The Saints Row series began its life as a pretty unashamed Grand Theft Auto imitation – putting the player in the shoes of a gang member in a sandbox world with endless possibilities for wanton carnage.
And while this is still fundamentally true for Saints Row 4, what we’re dealing with here is no clone. It’s a uniquely manic, exciting, comical, silly and incredibly fun experience.
The game opens in a spectacular (and genuinely hilarious) fashion, with the unnamed Boss character and his crew of Saints on a mission to prevent the bombing of the United States by a tyrannical despot. After pretty effortlessly saving the world in the first 5 minutes of the game, we jumped forward in a time a bit, and the Boss of the Saints is the President of the United States. Yep. And that’s when things start to get crazy.
During what seems to be a pretty standard day in the Saints White House – strippers, weapons on every wall, curing cancer or world hunger – aliens invade, raining destruction and abducting everyone in sight, including our very own chaotic Commander-in-Chief. This bizarre change of pace from the previous games in the series makes for the fantastic new mechanics at the games core.
In a page right out of The Matrix, alien overlord Zinyak keeps all his abductees in their own digital simulation – in the Boss’ case, a slightly modified version of Steelport, the open world from past Saints Row games. And this is what makes Saints Row 4 amazing. Given that the entire thing takes part inside a false digital simulation, there aren’t really any rules when it comes to what they can and cant do. So not long after getting to the simulation, hacker extraordinaire Kinzie figures out there are ways she can modify the simulation, giving the player a range of excellent, and highly entertaining super powers.
In a sandbox city this large, having the ability to run at super speeds and leap tall buildings in a single bound is a complete game changer – not just in terms of the pure fun of getting aroud, but also in terms of varying up and rejuvenating the combat of the game, which was a bit bland in the earlier games. As you work your way through the game, your super powers get more and more powerful and varied, until using the many guns the game has on offer might not even be necessary. Why bother using a machine gun when you can super sprint up to a guy and catch him with a jumping power-bomb?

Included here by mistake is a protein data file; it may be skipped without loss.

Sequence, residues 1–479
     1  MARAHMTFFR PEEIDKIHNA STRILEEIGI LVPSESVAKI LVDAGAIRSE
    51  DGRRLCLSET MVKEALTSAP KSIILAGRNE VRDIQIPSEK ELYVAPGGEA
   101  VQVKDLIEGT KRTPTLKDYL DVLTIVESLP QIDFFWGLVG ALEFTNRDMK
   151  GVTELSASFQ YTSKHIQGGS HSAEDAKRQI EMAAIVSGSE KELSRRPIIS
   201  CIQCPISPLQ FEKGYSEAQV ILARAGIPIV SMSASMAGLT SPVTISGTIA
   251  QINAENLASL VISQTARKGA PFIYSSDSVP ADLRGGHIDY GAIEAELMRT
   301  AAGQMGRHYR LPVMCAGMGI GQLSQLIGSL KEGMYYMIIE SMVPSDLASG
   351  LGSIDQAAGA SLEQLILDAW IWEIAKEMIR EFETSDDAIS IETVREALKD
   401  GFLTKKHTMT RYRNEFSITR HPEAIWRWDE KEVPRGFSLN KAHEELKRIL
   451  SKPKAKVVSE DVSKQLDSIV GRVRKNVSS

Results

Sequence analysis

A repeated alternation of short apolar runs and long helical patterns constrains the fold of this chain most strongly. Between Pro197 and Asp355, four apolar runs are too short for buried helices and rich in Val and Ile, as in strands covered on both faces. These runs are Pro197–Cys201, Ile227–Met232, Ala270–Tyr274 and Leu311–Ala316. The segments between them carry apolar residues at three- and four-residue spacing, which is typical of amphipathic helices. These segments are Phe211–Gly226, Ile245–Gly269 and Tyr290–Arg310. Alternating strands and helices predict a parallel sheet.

This silliness penetrates every aspect of the game, proving over and over again that Saints Row 4 is more than happy to make fun of itself, and everyone else it can manage to. The very premise of the game becomes somewhat of a joke amongst the characters – every time an objective doesn’t really make much sense, someone will pass it off as all ‘being part of the simulation’. Jumping into the simulations of other characters also allows Saints Row free reign to make subtle and not so subtle jabs at other video games through homage – including Metal Gear Solid, Space Invaders, old school text adventures and Mass Effect, just to name a few.
But even with all the silliness and some of the craziest moments to have come out of video games in a while, Saints Row actually manages to deliver a pretty solid story, touching on things like friendship and loyalty – elements that can be found in a lot of video games, just presented in a uniquely Saints Row kind of way. The main story should last you about 12 hours, if you take your time and collect the clusters floating around the city to increase your super powers, but a great deal of additional gameplay can be found in the range of side missions available.
However, these side missions usually comprise of playing one of the games five or six mini-games, fighting some enemies somewhere in the city, or doing something else you’ve already done. Unless you’re really invested in getting the reward for that side mission (and some of them are really awesome), you’ll find yourself tiring of them pretty quickly. Luckily though, most of the mini-games are pretty entertaining, so playing them at your leisure.
It’s been a great year for gaming so far. But it’s nice that for every game that comes along trying to redefine what a video game, and make you think about gaming as a medium, Saints Row offers a great alternative. It’s loud, crazy, unashamedly ridiculous and just great fun, Definitely worth getting your hands on.
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